A Very American Coup By Michael – Louis Ingram, Editor-in-Chief...
Garcia tops Judah, Quillin stops Guerrero
Unified WBC/WBA junior welterweight champion, Danny ‘Swift’ Garcia (26-0, 16 KOs) survived a late surge to claim a unanimous decision victory over former undisputed world welterweight titlist, Zab Judah (42-8, 27 KOs) last Saturday at the Barclays Center in Brooklyn, NY.
The judges scored the bout 116-111, 115-112 and 114-112 for the champion.
Garcia, 25, Philadelphia, PA, making the second defense of his unified 140-pound titles he won by knocking out Amir Khan in March 2012, proved once again that he is a skilled technician and a very dangerous puncher. Garcia also proved that he can take a solid punch on his chin and endure pain, as he suffered a laceration down the middle of his forehead. Garcia, trained by his father Angel, proved once again that he has the ingredients to become a terrific fighter.
“I am a true champion and I had to fight through a storm tonight to prove that,” Garcia said. “Judah is the craftiest and strongest guy that I have fought so far. I knew he had a lot of power with the left, but I was able to stand my ground and counter it. My game plan was to try to use the jab, but he was stepping around. He was crafty and he took my jab away so I had to do what I had to do.”
Garcia displayed a dearth of technical proficiency by using his left-jab accurately to set-up his right-hand. Garcia boxed and moved patiently and worked well enough to move away from Judah’s powerful straight-left. Judah, 35, Brooklyn, NY, through much of his career, displayed devastating knockout power in either hand and is widely recognized for his blinding hand-speed. Garcia was very cautious of Judah’s willingness to engage.
Garcia dominated the early rounds and appeared to have Judah ready to take a trip in round five. Garcia badly hurt Judah with a crisp shot to the chin. Garcia continued to beat and punish Judah until he officially knocked Brooklyn’s street champion down to the canvas in the eighth round. Garcia, looking to put to an end Judah’s days as a prizefighter at the highest level of the sport, nearly lost his championships in the process. Judah severely stunned Garcia with a series of punches in round ten. Suddenly, a dominant champion was in the ring with a desperate former challenger with a shot at landing a one-punch knockout blow.
The pace was frantic, as Judah pressed as hard as he could to lift the titles from Garcia. However, the champion was simply too good.
“It’s boxing and things happen,” Judah said. “You win some, you lose some. Danny is a young, tough fighter. I was on my A-game tonight. I worked hard. I had a great training camp and we gave it our best shot.”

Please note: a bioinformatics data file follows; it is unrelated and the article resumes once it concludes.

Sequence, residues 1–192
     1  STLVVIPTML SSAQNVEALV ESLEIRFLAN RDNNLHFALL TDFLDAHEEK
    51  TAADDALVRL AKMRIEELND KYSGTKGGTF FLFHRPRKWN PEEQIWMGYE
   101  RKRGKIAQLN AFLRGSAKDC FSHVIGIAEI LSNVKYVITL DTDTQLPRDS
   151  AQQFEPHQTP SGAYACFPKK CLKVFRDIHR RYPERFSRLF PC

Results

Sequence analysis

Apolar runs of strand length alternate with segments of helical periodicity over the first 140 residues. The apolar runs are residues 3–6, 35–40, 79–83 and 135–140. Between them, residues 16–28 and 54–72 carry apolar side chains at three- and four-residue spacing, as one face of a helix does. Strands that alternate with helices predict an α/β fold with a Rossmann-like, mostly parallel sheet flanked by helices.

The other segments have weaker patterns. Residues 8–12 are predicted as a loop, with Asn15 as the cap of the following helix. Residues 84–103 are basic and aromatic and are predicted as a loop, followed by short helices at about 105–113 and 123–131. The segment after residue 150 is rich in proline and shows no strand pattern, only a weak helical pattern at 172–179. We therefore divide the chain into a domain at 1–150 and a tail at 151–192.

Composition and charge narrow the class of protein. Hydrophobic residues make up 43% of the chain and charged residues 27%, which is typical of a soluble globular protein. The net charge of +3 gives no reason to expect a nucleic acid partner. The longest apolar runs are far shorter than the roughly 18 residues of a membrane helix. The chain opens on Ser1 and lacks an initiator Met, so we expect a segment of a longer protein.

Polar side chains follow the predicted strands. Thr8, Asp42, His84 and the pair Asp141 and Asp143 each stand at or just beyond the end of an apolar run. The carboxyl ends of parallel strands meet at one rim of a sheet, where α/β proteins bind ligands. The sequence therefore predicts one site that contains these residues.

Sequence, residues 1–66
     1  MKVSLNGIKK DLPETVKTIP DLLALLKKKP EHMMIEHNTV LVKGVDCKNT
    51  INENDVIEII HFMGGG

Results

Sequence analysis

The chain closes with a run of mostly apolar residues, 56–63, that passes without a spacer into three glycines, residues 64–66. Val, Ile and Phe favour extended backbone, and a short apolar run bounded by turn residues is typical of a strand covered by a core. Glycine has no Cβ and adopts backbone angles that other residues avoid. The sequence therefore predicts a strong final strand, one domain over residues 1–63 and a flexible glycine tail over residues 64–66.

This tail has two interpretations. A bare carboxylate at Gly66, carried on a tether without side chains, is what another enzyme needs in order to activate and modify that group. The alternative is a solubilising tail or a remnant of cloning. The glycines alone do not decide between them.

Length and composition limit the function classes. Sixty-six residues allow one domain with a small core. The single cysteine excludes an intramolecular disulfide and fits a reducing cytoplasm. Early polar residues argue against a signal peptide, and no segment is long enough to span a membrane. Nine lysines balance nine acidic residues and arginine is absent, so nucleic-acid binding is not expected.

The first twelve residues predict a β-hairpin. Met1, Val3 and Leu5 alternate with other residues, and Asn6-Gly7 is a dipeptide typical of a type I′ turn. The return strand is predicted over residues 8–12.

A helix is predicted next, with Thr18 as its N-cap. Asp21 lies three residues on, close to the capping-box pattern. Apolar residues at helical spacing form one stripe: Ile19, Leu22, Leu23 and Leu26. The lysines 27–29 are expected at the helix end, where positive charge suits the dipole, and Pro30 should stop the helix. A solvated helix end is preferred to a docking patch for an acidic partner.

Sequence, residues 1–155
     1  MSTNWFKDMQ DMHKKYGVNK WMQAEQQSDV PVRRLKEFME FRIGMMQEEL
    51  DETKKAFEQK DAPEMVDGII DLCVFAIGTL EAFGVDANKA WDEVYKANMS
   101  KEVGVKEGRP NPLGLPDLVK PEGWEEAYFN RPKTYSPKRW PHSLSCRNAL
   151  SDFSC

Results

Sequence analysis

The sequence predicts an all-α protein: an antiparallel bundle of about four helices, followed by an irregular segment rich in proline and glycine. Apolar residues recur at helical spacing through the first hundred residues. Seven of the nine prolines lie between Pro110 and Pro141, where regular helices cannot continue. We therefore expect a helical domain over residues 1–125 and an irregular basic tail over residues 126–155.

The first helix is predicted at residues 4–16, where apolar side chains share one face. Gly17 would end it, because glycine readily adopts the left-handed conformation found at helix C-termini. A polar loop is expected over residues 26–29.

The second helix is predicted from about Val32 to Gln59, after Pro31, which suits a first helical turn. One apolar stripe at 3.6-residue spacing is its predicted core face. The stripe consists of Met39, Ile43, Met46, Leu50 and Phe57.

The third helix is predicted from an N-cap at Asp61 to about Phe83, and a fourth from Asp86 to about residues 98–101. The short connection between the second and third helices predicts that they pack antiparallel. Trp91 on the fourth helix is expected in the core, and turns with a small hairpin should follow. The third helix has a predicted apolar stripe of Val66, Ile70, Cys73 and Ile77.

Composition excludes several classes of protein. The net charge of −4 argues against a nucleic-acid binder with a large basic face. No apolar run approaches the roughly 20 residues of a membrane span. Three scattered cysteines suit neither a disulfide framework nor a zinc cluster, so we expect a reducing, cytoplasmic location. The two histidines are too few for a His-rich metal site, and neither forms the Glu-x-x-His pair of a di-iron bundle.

Quillin retains middleweight championship
Making the first defense of the title he won at the Barclays last October, ‘Kid Chocolate’ Peter Quillin (29-0, 21 KOs) remained undefeated with another multiple-knockdown performance. Quillin sent the Dominican Republic’s Fernando Guerrero (25-2, 19 KOs) packing to the canvas four times, en route to a TKO stoppage at 1:30 seconds into round seven.
The night Quillin won the WBO 160-pound crown, he scored six knockdowns through twelve rounds against Hassan N’Dam N’Jikam.
“It’s the journey that is the most important,” Quillin said. “I have to thank Fernando for coming up, but he couldn’t do it. I had to do it for New York City. There is no concern when you are trying to stick to the game plan. I believed in what my corner was telling me. I value their opinion and Fernando came. This wasn’t a fight that was made because we thought that I could beat Fernando Guerrero. He came and had the opportunity. I’m very thankful.”
Quillin, a homegrown product of New York City, left the Big Apple to train on the West Coast. Quillin, who didn’t gain any TV exposure while fighting on the East Coast, now fights on SHOWTIME against some very good up and coming fighters.
Quillin added: “I’m inspired by my team. It’s always working to try to do your best. I was working hard to do my best. I put myself through a hard training camp to try to come to this fight and try to look like superman. The sky is the limit.”
Referring to the bad blood between the two fighters, Garcia said, “It’s gone. It’s respect. As you can see, it’s a lot of bad blood. I’ve got cuts. He has cuts. We came here and gave the people of Brooklyn a nice show.”